Figure 5. Results of regional responses to whether respondents would agree to making their personal information available to government authorities

Respondents viewed the protection of personal data as a collective responsibility.

Over half to three-fourths of respondents felt that more than one entity is responsible for keeping their personal information secure:

  • Organisations that collect data (specifically 77%)
  • Government (74%)
  • Organisations that hold/store data (72%)
  • Respondents’ own responsibility (66%)
  • Organisations that process/analyse data (64%)
  • Third-party service providers that may be providing the above services to an organisation (56%)

The percentages indicated above are the regional average. In South Asia, only 58% of the respondents felt that they should be responsible for protecting their own personal data—much lower than those in other subregions (close to 80%).


This year’s Asia-Pacific Internet Policy Survey finds cybersecurity taking the top spot in the list of Internet users’ priority concerns. Overall, however, respondents’ have continued to find roughly the same issues significant over the last four years: access, data protection, connectivity and privacy, along with cybersecurity.

The study yields several findings that are significant for the development of data protection guidelines in the region: Most Internet users do not feel that their personal information is protected online—this translates to their hesitance in using services that do not have privacy guarantees, and in providing what they perceive as sensitive information to the institutions with which they interact with on the Internet. These have important implications on the rollout and use of not only commercial, but also public and social services online.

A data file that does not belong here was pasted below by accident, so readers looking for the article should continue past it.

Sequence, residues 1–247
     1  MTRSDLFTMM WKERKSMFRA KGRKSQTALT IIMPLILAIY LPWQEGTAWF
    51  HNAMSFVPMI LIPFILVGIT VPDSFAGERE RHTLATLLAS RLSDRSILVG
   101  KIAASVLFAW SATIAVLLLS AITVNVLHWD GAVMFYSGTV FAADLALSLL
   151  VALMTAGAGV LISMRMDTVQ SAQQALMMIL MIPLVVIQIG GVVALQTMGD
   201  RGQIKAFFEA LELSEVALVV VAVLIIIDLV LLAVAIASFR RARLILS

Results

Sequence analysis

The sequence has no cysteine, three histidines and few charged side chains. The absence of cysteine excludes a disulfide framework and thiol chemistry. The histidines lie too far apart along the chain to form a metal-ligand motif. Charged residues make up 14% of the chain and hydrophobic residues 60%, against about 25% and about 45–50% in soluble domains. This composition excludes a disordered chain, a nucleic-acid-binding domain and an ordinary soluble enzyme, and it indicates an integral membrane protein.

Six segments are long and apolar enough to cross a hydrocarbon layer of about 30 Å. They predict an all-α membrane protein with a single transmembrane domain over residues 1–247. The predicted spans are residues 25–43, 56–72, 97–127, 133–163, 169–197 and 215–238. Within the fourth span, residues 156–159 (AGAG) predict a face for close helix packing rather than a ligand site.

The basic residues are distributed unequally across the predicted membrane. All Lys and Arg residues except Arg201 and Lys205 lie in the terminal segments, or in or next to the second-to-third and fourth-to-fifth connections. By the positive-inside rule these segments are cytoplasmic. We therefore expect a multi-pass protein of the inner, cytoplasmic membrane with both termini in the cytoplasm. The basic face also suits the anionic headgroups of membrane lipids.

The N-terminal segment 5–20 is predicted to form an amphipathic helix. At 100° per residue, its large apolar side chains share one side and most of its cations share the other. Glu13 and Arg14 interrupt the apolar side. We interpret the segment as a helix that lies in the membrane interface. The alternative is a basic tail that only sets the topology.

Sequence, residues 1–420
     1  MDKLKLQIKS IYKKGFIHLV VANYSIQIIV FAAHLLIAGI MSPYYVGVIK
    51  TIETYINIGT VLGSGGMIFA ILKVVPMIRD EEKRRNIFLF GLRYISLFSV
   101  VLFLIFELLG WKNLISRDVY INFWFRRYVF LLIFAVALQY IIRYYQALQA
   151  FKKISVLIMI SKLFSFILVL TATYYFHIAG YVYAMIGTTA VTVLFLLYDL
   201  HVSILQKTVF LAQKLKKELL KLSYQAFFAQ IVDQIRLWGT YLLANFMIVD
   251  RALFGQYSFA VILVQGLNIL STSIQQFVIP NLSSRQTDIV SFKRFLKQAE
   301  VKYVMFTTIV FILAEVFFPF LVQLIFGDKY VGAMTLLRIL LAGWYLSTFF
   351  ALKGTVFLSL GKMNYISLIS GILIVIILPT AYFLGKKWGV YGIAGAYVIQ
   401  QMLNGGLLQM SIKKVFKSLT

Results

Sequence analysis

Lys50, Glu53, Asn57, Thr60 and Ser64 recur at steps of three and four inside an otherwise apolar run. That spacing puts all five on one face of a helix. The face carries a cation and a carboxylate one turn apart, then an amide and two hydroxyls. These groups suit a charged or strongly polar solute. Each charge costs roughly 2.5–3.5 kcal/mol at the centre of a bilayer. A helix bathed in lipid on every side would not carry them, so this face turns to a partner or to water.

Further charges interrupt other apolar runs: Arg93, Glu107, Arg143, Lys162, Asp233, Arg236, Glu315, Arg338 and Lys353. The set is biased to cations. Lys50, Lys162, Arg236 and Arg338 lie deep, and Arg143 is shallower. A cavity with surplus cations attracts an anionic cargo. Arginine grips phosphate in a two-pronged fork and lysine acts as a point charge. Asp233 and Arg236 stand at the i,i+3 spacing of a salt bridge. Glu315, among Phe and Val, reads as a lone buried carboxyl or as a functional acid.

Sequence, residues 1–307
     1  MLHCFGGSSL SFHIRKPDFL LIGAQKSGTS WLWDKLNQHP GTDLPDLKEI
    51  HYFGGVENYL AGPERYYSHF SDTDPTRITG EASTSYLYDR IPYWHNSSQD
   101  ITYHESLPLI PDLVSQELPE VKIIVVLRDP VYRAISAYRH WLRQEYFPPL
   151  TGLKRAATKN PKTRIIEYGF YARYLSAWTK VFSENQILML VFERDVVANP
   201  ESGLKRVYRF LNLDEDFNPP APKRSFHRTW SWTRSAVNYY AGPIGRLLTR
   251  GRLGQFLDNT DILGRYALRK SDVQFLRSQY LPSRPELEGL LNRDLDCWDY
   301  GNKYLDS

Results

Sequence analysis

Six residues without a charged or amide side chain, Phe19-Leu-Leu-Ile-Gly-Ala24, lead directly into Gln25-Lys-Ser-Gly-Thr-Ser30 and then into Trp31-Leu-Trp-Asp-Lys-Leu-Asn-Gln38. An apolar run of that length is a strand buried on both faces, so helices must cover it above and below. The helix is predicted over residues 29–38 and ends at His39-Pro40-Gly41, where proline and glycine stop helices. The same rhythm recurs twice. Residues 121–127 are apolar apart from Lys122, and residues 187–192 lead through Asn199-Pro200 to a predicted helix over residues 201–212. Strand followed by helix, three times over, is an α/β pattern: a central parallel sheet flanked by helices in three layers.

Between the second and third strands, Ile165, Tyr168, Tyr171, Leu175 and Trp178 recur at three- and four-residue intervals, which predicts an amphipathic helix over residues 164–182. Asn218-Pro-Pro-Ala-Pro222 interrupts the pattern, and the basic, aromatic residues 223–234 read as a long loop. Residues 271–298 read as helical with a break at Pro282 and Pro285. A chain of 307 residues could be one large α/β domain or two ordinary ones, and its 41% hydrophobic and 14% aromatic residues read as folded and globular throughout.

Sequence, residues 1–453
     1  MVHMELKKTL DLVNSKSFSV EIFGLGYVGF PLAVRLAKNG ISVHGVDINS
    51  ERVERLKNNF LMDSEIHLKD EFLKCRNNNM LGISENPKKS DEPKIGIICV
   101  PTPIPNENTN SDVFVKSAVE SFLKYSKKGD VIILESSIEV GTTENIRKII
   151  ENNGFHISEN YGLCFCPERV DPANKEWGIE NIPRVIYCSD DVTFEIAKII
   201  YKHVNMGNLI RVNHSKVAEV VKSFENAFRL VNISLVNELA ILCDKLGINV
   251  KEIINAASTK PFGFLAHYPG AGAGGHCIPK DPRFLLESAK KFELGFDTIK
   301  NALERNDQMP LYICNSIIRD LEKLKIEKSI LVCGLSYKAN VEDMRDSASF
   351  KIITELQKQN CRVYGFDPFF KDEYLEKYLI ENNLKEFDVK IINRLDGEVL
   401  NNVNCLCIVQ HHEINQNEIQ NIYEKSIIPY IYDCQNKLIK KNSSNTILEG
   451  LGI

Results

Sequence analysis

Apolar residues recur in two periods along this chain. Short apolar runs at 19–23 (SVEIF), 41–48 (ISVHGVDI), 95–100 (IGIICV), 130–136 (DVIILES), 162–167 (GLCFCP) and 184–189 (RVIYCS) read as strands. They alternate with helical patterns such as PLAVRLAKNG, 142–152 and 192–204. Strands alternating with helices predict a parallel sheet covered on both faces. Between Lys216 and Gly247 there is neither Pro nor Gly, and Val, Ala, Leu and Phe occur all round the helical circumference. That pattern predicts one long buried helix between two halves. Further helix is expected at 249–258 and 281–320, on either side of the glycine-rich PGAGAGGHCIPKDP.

At the same time, users want to be informed, and desire to have a certain level of control over the collection and use of their personal information. Public and private organisations that collect and share user information need to take this into account when formulating or updating privacy frameworks. It is likewise relevant for governments in the region as they start to consider new provisions such as the “right to be forgotten”, as well as pursue digital transformation initiatives.

Internet users recognise that the protection of personal information online is a shared responsibility among stakeholders. Both the public and the private sectors, and especially the platforms through which users transact financially online, not only need to build robust and secure networks and systems, but also develop tools that would equip users with the knowledge and skills to use these services safely online. This will improve their confidence in using online services, and their trust in the overall Internet ecosystem.


[1] There were 146 respondents from the Pacific Island countries, and 46% of the respondents were from Papua New Guinea.
[2] See Noelle Francesca De Guzman, “2016 Regional Highlights: Mobile Internet, Amendments to Cybersecurity and Privacy Laws, and New Regulations for New Business Models,” in APAC Connections of the Internet Society, January 2017,— January-2017–News-from-the-Asia-Pacific-Bureau–Internet-Society-.html?soid=1110239358049&aid=QPVOMugUdJw.
[3] The high-income economies include Australia, Hong Kong, Japan, Republic of Korea, Macao, New Zealand, Singapore and Taiwan, with 249 respondents.
[4] These included: online banking and financial services; e-commerce sites and online shops; online content and service providers (e.g., search engines, email/messaging providers, social networks, audio/video streaming providers, apps); public and government services; and health and medical services.
[5] These included: online banking and financial services; e-commerce sites and online shops; online content and service providers (e.g., search engines, email/messaging providers, social networks, audio/video streaming providers, apps); public and government services; and health and medical services.
[6] Only about 15% felt sufficiently protected and the remaining were undecided.
[7]  About 30% of the respondents felt that they had enough knowledge and tools to protect their privacy online, and about 10% of the respondents did not know or were undecided.